Name: Dave Cain, CPA, Executive Vice President of Operations
Posts by Dave Cain, CPA, Executive Vice President of Operations:
- Customer Metrics: How many new customers have you acquired over the last six months? How many customers have you lost? What is the average profit margin for each customer?
- Cash Flow Metrics: These metrics should be designed to measure the company’s ability to meet obligations as they come due. For example: Is your inventory turning? How old are your accounts receivable?
- Sales Metrics: A company should have sales metrics to measure sales and whether the sales are satisfactory for the company.
- Employee Metrics: These metrics could be designed to measure how effectively the company is hiring and managing its employees.
- Borrowing Metrics: This metric will measure how the company is effectively managing its debt.
- You regularly bounce checks.
- You don’t have immediate access to financial information when your banker asks for it.
- Your budget and forecasting is lacking.
- As an owner, you have your hands in too many things to focus properly on your finances.
- You can’t answer the question, “How much money did you make yesterday?”
Did you ever notice that little sticker in the upper left-hand corner of your windshield? The one that informs you your next service date for changing the oil and tire rotation. As you fire up the ignition, the fuel gauge is activated and the miles per gallon information is displayed. The on-board computer lets you know that the headlights are in the automatic position and the tires are properly inflated. The navigation system may even provide a weather update or a construction delay on the interstate. Within a matter of seconds of entering your vehicle, you have virtually all of the important metrics for your upcoming road trip.
Your business metrics and performance indicators should be as easy as locating your vehicle’s metrics. The metrics need to be meaningful to you and your team and used as a decision making tool in the day-to-day operations of the business. Many business owners and managers use daily and quarterly metrics more frequently than the monthly financial statements to run the day to day operations.
Business Metrics To Consider
Your business’s on-board computer can churn metric after metric and ratio after ratio. However, the quality of the metrics is far more important than the quantity. One recommendation is to identify four to six ratios that are unique to your business and industry and continue to study the trends on a daily or weekly basis. As a general rule, every business should consider metrics in the following areas:
Once the metrics have been determined than a “windshield sticker” or dashboard can be affixed to your technology devices and reviewed by the management team on a regular basis. In addition, an industry scorecard can be developed to measure how the business compares to the industry.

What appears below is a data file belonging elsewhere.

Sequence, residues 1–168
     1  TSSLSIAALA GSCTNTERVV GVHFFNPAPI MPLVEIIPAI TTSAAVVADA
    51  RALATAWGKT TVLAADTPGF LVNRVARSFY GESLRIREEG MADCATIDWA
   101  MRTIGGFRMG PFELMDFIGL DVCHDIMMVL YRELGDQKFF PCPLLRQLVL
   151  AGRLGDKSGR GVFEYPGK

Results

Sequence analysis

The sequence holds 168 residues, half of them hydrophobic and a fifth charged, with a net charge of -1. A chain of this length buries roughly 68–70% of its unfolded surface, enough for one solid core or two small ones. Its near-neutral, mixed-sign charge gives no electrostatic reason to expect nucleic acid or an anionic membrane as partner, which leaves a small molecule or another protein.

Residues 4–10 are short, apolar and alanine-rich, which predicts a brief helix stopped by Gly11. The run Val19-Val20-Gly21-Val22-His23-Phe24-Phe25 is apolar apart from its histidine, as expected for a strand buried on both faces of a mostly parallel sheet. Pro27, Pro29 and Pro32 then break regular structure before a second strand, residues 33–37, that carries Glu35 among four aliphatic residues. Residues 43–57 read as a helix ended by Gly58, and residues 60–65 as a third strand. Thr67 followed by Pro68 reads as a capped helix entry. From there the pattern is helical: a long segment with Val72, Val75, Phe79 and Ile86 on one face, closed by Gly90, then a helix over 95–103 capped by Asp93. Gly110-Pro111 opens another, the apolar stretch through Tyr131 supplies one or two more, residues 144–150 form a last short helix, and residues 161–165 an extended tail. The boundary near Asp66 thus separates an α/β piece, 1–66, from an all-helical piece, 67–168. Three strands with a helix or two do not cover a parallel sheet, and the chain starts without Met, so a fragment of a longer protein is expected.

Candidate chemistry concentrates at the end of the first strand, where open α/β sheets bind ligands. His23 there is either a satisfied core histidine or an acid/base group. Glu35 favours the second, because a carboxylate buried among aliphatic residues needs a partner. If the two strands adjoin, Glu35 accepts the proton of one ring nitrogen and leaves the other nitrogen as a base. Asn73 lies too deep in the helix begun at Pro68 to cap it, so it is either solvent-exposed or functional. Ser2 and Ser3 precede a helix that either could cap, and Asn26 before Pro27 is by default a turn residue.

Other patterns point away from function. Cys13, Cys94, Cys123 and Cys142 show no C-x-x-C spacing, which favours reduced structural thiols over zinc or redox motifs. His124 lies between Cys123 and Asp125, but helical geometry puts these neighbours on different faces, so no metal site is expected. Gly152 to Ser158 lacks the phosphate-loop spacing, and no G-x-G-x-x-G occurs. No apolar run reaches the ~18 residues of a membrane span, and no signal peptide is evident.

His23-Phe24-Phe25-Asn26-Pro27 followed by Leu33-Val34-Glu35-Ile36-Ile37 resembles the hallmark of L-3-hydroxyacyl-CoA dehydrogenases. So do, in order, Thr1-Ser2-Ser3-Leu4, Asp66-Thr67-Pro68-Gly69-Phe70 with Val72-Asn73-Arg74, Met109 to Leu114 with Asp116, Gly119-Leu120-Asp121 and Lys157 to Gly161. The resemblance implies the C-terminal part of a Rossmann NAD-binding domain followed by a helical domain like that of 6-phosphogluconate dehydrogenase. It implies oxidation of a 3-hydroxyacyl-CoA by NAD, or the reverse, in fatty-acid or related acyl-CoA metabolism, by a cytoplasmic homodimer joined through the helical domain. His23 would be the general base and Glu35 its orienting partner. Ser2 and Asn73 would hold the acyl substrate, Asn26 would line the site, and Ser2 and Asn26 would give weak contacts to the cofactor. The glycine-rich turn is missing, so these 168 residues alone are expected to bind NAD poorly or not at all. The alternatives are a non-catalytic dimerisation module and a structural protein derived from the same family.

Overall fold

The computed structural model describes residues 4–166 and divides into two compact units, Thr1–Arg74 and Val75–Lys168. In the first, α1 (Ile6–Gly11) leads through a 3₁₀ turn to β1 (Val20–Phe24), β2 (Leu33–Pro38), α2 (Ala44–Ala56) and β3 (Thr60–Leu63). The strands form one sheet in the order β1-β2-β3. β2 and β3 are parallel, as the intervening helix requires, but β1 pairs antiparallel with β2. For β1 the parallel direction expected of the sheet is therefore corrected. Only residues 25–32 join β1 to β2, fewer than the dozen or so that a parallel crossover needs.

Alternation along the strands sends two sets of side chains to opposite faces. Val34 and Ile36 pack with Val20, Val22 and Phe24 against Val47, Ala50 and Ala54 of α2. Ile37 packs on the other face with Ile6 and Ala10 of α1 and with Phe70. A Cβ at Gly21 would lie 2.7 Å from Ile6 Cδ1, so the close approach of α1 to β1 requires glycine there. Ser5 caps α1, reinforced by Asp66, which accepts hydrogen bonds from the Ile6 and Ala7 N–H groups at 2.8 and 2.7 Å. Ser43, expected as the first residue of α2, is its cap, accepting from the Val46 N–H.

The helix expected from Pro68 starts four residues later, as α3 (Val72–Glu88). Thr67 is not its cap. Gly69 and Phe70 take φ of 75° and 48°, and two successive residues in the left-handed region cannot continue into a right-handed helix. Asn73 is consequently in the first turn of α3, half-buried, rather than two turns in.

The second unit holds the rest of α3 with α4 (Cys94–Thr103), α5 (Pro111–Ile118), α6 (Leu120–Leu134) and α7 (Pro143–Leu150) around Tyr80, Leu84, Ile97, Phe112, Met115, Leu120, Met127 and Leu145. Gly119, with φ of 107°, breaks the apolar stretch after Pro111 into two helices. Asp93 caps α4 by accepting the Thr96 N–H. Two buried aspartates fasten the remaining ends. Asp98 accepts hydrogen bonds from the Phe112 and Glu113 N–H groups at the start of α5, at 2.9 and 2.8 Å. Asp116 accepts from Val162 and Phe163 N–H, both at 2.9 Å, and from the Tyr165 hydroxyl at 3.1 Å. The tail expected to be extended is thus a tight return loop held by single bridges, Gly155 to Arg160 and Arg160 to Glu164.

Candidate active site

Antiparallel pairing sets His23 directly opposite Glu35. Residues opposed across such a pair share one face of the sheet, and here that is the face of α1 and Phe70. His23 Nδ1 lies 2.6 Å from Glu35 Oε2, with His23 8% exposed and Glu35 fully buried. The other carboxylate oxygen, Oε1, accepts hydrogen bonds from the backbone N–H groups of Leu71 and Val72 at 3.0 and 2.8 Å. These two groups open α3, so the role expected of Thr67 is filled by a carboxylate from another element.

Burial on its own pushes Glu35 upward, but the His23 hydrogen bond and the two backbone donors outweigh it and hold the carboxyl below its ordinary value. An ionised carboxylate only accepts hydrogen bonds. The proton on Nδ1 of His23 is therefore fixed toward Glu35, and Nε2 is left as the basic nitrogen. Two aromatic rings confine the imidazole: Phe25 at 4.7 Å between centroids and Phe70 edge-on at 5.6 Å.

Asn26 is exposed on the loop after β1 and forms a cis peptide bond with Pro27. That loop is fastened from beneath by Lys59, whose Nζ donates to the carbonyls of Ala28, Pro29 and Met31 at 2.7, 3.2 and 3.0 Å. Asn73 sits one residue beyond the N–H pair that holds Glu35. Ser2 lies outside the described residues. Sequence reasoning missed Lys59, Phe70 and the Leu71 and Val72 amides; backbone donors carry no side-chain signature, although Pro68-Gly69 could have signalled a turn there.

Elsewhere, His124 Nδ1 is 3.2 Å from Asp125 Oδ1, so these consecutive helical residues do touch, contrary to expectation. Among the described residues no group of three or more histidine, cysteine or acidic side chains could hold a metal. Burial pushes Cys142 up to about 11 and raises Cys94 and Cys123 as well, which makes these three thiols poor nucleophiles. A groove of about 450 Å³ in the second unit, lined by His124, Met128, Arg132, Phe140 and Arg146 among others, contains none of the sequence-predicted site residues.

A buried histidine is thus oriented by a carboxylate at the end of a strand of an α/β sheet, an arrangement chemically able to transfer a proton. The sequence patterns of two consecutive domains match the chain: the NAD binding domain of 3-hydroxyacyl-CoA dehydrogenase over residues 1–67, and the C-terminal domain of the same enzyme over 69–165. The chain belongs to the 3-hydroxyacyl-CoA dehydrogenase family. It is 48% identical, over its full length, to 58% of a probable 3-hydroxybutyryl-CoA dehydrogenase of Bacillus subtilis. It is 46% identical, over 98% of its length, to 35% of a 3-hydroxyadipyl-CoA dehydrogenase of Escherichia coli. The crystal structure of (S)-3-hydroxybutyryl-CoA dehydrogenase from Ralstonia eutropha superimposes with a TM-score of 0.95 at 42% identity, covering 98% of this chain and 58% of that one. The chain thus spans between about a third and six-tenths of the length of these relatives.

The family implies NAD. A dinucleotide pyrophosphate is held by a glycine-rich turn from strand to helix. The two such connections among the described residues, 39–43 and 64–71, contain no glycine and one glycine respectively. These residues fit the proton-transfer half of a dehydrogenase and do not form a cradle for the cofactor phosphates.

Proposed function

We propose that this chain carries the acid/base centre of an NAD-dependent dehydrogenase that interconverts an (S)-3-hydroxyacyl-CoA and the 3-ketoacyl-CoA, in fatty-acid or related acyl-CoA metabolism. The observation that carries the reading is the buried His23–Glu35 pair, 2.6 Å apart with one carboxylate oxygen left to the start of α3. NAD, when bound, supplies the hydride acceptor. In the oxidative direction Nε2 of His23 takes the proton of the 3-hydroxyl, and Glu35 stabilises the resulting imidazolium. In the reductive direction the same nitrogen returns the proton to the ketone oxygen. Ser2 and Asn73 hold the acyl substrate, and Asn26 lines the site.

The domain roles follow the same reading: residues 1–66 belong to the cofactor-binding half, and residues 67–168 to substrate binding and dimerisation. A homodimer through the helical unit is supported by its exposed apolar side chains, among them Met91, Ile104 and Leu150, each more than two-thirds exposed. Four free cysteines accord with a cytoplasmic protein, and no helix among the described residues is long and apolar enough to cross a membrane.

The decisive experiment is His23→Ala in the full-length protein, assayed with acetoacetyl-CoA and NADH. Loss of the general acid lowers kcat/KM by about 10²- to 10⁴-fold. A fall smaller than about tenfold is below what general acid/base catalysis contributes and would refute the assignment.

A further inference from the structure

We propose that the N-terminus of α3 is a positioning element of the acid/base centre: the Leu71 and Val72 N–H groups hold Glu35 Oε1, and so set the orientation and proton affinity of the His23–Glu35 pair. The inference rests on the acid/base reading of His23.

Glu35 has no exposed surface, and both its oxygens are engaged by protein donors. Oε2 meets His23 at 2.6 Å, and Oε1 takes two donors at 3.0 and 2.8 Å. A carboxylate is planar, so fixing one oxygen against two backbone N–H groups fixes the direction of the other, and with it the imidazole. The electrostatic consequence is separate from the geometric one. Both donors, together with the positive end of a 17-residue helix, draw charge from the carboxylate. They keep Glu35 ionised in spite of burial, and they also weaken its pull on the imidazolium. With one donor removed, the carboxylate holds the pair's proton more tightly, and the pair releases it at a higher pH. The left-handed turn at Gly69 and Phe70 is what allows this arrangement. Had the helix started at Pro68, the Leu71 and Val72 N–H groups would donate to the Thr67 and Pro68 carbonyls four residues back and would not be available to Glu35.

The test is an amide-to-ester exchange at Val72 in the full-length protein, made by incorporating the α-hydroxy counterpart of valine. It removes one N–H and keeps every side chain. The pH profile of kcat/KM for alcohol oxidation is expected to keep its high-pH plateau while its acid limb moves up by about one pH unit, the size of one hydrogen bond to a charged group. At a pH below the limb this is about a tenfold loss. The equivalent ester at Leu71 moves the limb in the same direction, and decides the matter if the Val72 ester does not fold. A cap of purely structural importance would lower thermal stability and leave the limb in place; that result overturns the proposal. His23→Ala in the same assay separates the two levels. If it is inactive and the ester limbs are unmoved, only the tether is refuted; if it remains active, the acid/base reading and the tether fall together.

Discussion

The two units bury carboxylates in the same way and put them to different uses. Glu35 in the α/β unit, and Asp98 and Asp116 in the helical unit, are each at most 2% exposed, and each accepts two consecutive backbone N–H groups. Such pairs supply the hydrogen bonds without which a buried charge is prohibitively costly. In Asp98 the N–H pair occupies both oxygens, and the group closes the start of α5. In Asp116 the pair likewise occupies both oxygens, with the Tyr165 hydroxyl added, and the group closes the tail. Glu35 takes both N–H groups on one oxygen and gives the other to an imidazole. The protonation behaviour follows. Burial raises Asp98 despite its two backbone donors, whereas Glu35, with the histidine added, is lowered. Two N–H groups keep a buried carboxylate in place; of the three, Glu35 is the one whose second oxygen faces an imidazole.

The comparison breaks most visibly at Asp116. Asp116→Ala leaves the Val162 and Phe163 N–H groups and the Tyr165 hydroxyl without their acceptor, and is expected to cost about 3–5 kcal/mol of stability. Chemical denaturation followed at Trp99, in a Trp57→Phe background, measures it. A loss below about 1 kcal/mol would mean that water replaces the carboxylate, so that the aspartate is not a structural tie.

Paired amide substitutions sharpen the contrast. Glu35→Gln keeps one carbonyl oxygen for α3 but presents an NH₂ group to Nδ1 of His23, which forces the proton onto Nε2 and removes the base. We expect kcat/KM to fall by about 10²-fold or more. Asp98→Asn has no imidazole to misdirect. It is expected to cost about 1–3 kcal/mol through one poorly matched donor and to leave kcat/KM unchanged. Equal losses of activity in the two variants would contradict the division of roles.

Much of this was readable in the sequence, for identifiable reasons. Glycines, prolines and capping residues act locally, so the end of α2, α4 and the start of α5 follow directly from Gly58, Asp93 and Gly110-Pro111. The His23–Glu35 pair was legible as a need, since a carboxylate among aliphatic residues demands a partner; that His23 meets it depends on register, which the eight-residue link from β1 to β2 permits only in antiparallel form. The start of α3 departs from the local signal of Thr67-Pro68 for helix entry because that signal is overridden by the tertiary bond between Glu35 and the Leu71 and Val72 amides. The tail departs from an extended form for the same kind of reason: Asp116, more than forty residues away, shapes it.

Just like the oil in a car, the business metrics will need to be changed or enhanced on a regular basis to reflect changes in the economy and the business cycle.
Safe travels and be on the look-out for orange construction barrels and detours. Check your metrics!
Business Metrics Help
If you need help determine which business metrics are right for your business, contact Rea & Associates. Our team of Ohio business consultants can help you determine which business metrics are needed for the success and growth of your business.
Author: Dave Cain, CPA (Dublin office)
Are you out of breath from the impact the economy had on your business during the last several years? Is it time to develop some New Year’s resolutions that will make a difference in your business? Adopting a new diet, jumping on the treadmill or committing to run a half marathon are common items on the “personal” resolution menu. However, is it time to add energy and resources to your resolutions in order to improve the health of your business? Read the rest of this entry “
As a small business owner, you may have started your business because you have a passion for your particular business/industry or you may have had the desire to “take the plunge” and be your own boss. Income taxes, payroll or financial reporting were probably not anywhere on your list of top reasons to own your own business. However, these three items along with many others fall under the umbrella of accounting services, and require the training and expertise of a CPA. So, since your business needs these services, what should you expect from a CPA? Read the rest of this entry “
During the recession, the fiscal cliff and the so-called recovery, did your business develop cracks in its foundation? If you answered “yes,” you are not alone. Many businesses of all shapes, sizes and industries are still trying to rebuild cash flow strategies and bottom line results. Read the rest of this entry “
Outsourced CFO Services Support Small Businesses
Do you ever feel like you can’t seem to get your arms around costs? If so, you could probably benefit from the skills of a CFO. The following are other signs that you may need a CFO:
Most small business owners face at least one of these issues; however, they don’t have the need or resources for a full-time CFO. These owners often rely on a controller, bookkeeper or office manager to manage the internal accounting function.
Sound familiar? If so, you need to recognize that even though these people can do an excellent job for you, a CFO can bring additional skills to the table. You’ll probably wonder how you ever got by without this kind of person. Read the rest of this entry “